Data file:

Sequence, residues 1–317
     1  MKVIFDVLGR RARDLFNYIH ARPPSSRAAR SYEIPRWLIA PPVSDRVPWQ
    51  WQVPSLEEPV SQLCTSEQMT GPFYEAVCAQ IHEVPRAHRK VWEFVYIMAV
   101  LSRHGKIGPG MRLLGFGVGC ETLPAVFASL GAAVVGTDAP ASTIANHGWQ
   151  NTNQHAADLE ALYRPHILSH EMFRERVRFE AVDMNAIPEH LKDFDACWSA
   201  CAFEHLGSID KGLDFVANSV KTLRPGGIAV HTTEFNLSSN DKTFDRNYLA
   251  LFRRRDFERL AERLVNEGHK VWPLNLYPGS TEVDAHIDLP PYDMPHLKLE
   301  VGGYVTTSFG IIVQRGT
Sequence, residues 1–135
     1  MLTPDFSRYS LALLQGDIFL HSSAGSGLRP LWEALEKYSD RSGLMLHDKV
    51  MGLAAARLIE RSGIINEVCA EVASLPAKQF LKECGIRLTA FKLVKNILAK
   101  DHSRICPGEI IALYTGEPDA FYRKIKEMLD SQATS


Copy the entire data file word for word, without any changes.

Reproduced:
Sequence, residues 1–317
     1  MKVIFDVLGR RARDLFNYIH ARPPSSRAAR SYEIPRWLIA PPVSDRVPWQ
    51  WQVPSLEEPV SQLCTSEQMT GPFYEAVCAQ IHEVPRAHRK VWEFVYIMAV
   101  LSRHGKIGPG MRLLGFGVGC ETLPAVFASL GAAVVGTDAP ASTIANHGWQ
   151  NTNQHAADLE ALYRPHILSH EMFRERVRFE AVDMNAIPEH LKDFDACWSA
   201  CAFEHLGSID KGLDFVANSV KTLRPGGIAV HTTEFNLSSN DKTFDRNYLA
   251  LFRRRDFERL AERLVNEGHK VWPLNLYPGS TEVDAHIDLP PYDMPHLKLE
   301  VGGYVTTSFG IIVQRGT
Sequence, residues 1–135
     1  MLTPDFSRYS LALLQGDIFL HSSAGSGLRP LWEALEKYSD RSGLMLHDKV
    51  MGLAAARLIE RSGIINEVCA EVASLPAKQF LKECGIRLTA FKLVKNILAK
   101  DHSRICPGEI IALYTGEPDA FYRKIKEMLD SQATS